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Select your travel style--whether it's our signature expeditions, our active outdoors adventures, or our lower-priced journeys. Or choose how you want to travel: by train or small ship, on an expedition geared for photographers or for families, and more.

Small Ship Trips

Small Ship Voyages

Take to the sea aboard one of the six ships of the National Geographic–Lindblad fleet and explore the Galápagos, Alaska, and more with a team of experts.
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Land Trips

Land Trips

Our land trips are designed to immerse you in fascinating cultures and draw out the uniqueness of each destination through enriching and authentic experiences.
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Private Jet Trips

Private Jet Trips

Experience fascinating places as far-flung as Easter Island and Marrakech on one epic journey, traveling with a team of experts in the comfort of a VIP-configured jet.
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Adventures

Active Adventures

Explore by foot, by camel or kayak, or even by dogsled on an active adventure that combines spectacular places, physical challenge, and cultural interaction.
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Journeys

Journeys

Our newest small-group trips, provided in partnership with G Adventures, blend fun, hands-on exploration with meaningful cultural encounters, as well as more free time and choices, all for an unbeatable value.
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Photography

Photography

Improve your photography skills with the guidance of a National Geographic photographer— whether you’re traveling through Japan or heading out on shoots during an intensive weekend workshop in New York City.
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Private Expeditions

Private Expeditions

Explore independently—with all the benefits of traveling with National Geographic—on a private trip with the travel companions and dates of your choosing.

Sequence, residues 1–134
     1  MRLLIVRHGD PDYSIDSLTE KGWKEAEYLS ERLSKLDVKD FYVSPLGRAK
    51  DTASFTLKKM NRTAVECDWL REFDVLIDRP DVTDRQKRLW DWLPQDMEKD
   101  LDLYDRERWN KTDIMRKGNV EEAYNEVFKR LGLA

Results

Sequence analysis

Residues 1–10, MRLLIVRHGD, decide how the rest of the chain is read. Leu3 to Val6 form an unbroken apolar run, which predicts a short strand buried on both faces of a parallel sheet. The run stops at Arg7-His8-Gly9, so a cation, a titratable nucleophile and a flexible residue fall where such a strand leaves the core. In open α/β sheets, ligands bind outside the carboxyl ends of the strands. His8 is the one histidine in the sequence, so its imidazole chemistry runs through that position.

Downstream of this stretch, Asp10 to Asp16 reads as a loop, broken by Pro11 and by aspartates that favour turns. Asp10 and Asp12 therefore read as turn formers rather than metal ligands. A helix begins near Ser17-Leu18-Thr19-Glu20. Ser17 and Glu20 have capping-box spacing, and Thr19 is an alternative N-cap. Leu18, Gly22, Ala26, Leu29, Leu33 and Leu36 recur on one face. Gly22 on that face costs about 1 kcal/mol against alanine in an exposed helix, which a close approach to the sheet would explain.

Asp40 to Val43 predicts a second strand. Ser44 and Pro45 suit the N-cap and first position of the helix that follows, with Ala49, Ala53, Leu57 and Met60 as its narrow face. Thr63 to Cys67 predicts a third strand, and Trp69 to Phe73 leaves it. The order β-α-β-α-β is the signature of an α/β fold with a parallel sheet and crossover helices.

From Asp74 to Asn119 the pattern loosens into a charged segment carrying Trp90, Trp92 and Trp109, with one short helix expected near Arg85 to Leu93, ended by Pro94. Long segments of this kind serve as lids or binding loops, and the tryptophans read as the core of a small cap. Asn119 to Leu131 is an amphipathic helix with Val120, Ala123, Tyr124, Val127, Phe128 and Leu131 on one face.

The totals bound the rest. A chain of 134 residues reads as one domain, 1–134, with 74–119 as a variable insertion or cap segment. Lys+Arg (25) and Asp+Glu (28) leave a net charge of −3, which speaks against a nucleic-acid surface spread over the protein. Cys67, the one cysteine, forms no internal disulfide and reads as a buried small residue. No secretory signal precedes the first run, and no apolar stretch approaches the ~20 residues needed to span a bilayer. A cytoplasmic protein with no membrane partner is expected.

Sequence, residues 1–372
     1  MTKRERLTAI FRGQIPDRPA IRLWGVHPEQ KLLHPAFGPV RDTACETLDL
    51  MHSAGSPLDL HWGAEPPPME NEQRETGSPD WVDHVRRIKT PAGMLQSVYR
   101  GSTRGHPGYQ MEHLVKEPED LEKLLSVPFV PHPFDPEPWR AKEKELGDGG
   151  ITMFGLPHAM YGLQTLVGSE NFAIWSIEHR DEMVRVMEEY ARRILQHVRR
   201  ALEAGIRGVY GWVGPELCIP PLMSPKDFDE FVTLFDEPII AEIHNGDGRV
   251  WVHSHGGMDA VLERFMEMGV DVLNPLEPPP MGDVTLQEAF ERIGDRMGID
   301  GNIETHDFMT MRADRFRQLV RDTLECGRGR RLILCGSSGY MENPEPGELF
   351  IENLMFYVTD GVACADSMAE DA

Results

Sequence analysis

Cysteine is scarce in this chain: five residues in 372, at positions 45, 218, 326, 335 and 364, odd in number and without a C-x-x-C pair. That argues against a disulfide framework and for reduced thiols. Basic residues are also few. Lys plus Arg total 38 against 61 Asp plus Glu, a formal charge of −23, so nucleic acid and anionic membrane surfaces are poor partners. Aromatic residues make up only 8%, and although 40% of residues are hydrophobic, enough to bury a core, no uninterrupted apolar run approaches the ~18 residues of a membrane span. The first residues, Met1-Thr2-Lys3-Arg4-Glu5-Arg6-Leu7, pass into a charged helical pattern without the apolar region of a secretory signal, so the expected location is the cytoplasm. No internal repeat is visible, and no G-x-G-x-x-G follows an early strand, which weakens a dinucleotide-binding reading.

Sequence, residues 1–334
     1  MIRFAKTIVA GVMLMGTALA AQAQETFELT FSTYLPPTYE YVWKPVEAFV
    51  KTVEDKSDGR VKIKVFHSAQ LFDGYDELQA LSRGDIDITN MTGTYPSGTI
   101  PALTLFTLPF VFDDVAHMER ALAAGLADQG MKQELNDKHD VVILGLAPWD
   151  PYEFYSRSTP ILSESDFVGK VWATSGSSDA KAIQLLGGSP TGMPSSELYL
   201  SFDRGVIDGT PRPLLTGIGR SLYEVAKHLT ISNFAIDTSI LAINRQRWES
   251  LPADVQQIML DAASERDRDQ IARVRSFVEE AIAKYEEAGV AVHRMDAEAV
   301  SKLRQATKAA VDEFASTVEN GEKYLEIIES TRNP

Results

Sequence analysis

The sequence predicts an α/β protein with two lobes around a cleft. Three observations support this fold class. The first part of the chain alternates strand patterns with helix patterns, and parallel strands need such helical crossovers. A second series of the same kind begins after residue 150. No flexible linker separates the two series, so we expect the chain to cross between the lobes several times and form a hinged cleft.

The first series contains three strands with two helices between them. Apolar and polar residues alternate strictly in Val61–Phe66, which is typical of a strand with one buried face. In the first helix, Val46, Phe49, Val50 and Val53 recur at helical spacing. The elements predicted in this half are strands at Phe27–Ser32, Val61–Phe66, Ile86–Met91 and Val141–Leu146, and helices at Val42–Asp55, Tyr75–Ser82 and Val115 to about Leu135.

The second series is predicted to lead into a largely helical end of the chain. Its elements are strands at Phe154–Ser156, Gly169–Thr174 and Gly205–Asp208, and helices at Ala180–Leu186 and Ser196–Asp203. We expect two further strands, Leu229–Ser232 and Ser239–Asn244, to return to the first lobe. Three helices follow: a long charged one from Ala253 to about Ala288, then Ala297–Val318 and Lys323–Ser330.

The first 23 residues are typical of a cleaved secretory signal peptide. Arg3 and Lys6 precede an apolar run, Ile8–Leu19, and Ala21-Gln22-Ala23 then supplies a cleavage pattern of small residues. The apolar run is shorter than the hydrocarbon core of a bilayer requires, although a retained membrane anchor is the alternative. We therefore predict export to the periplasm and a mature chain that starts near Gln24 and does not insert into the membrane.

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Train Trips

Train Trips

Wind through dramatic mountain scenery or observe scenes of everyday life, experiencing the world through the nostalgic lens of train travel.
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Family Trips

Family Trips

Introduce your family to the magic of travel on trips designed for travelers of all ages that combine learning, discovery, and fun.
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Student Trips

Student Expeditions

Send your high school or middle school student on assignment with National Geographic to explore inspiring destinations in depth alongside our experts and trip leaders.
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National Geographic Experts

 

A world-class team of experts will accompany each expedition to share their knowledge and insights with you and bring each destination to life. Listed below are some of the experts and the departure date(s) they will be joining.

Nevada Wier
Photographer

Nevada Wier is a multiple-award-winning photographer specializing in documenting the remote corners and cultures of the world. Her journeys have taken her to many of the planet’s deserts, mountains, and urban jungles. Nevada’s work has appeared in National Geographic magazine, as well as Geo, National Geographic Traveler, Outdoor Photographer, Outside, Smithsonian, and numerous other publications. She is a Fellow of the Explorer’s Club and a member of the Women’s Geographic Society.

Departure Dates
  • Dec 27, 2016 - Jan 19, 2017
  • Dec 28, 2017 - Jan 20, 2018

Gregory Anderson
Anthropologist